I customized my Gutenberg block color pallete and the WordPress default is that the CSS classes generated has the form has-(slug)-color. For example say I added a color called red. The resulting CSS class will be has-red-color. I traced the function to a core WordPress file: https://github.com/WordPress/WordPress/blob/master/wp-includes/block-supports/colors.php#L73

How do I override this function from my functions.php in my theme so I can generate different class names.

I've been reading about hooks and filters but I'm not sure how to use that in this case.

  • 1
    Why do you want to change it? In addition to the PHP file there is most likely a pure JS version as well, so you'd need to change that as well. I don't see any filters applied in the linked method, so no chance to change it here - you'd need to find another spot
    – kero
    Oct 21 '21 at 11:18
  • what's the problem this solves? Are you trying to repurpose the colours for something else? Or make it use something else for something like bootstrap? Add some context to your question, it's important for understanding and answering the question
    – Tom J Nowell
    Oct 21 '21 at 11:33
  • @TomJNowell well the organization has an in-house package for all it's CSS uses in all its sites. So the stylesheet used in the front end already has these css classes which is used across all the sites. So the after customizing the color pallete on the Gutenberg block editor, I want the generated classes to have the names which are similar to those in our in-house stylesheet
    – BlackBeard
    Oct 21 '21 at 15:47
  • 1
    it's more likely that you can add CSS classes rather than remove them, and you would do it on a filter that the function you linked to is added to, not a filter the function fires/uses. Removing or changing the has-xxxx-color classes is more likely to cause issues. I'm also mindful that this is a technical limitation of your design library, one that can be fixed via common language features via SCSS/SASS/PostCSS/Less/etc build tools e.g. something like .has-red-color{ @extends .blackbeards-red-text; }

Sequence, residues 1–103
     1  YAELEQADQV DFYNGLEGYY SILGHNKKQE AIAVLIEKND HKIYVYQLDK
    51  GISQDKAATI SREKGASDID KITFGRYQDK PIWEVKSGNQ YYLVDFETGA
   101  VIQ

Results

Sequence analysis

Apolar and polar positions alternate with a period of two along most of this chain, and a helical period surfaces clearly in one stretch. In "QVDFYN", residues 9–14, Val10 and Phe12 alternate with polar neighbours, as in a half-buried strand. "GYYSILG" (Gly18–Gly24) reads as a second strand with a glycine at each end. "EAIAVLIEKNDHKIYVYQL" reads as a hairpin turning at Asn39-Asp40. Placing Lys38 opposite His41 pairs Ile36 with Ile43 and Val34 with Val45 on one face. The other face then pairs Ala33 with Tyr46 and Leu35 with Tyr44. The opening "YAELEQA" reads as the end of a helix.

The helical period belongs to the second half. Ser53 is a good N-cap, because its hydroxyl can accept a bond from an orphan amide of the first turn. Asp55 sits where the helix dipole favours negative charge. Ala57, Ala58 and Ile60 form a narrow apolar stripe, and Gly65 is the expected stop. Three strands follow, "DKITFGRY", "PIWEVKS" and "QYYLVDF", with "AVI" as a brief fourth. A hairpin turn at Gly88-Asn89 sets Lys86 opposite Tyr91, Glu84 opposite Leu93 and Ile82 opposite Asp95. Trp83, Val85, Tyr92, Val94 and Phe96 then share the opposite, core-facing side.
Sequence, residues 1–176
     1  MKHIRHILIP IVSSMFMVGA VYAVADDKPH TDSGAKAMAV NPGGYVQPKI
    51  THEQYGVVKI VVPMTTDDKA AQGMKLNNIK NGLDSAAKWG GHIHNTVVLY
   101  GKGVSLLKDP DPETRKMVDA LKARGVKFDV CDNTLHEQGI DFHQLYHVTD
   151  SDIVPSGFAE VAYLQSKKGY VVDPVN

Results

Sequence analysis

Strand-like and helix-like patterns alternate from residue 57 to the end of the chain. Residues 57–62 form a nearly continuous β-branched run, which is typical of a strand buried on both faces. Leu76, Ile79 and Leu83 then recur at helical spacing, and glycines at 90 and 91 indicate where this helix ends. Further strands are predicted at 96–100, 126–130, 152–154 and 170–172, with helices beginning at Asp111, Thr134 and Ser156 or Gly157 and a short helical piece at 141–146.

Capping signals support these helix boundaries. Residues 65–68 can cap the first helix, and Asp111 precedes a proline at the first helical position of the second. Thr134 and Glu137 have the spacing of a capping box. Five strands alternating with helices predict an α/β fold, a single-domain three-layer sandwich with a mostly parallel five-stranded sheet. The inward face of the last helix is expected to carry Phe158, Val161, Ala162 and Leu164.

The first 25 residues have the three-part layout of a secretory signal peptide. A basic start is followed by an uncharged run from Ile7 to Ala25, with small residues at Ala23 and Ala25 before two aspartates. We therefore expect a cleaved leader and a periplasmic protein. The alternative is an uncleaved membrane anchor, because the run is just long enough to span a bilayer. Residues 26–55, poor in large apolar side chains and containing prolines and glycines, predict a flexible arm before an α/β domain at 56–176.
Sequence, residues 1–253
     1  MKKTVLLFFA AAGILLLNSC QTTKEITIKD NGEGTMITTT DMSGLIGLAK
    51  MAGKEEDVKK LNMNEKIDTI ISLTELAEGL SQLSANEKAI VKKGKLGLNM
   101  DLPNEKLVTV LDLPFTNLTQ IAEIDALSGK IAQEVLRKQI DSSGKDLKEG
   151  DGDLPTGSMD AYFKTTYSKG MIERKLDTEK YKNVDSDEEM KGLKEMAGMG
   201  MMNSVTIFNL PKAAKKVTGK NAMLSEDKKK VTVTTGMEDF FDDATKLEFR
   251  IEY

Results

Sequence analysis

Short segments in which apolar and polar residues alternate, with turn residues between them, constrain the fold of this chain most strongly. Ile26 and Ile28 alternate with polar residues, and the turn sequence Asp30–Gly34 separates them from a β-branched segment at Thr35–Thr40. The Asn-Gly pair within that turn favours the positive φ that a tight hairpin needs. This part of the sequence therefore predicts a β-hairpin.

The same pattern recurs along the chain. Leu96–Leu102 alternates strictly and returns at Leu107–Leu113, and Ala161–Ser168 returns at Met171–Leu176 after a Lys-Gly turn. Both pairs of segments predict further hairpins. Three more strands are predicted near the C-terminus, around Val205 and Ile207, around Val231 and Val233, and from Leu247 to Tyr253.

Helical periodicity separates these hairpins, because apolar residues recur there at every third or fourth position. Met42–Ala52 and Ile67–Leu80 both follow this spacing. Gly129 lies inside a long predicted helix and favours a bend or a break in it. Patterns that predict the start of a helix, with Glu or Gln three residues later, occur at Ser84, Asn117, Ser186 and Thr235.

– Tom J Nowell
    Oct 21 '21 at 16:16
  • also keep in mind that by doing this, you're taking a tonne of future WP features and changes and throwing them in the trash. E.g. in the future that has-red-color will pull the red from theme.json with a palette picker in global styles with CSS variables, which won't be possible if you do this. You'll find that even the easier simpler solution of declaring the available palette and their colour hex codes in theme.json so it can't be modified by users might become incompatible if you're not careful
    – Tom J Nowell
    Oct 21 '21 at 16:19

Your Answer

By clicking “Post Your Answer”, you agree to our terms of service, privacy policy and cookie policy

Browse other questions tagged or ask your own question.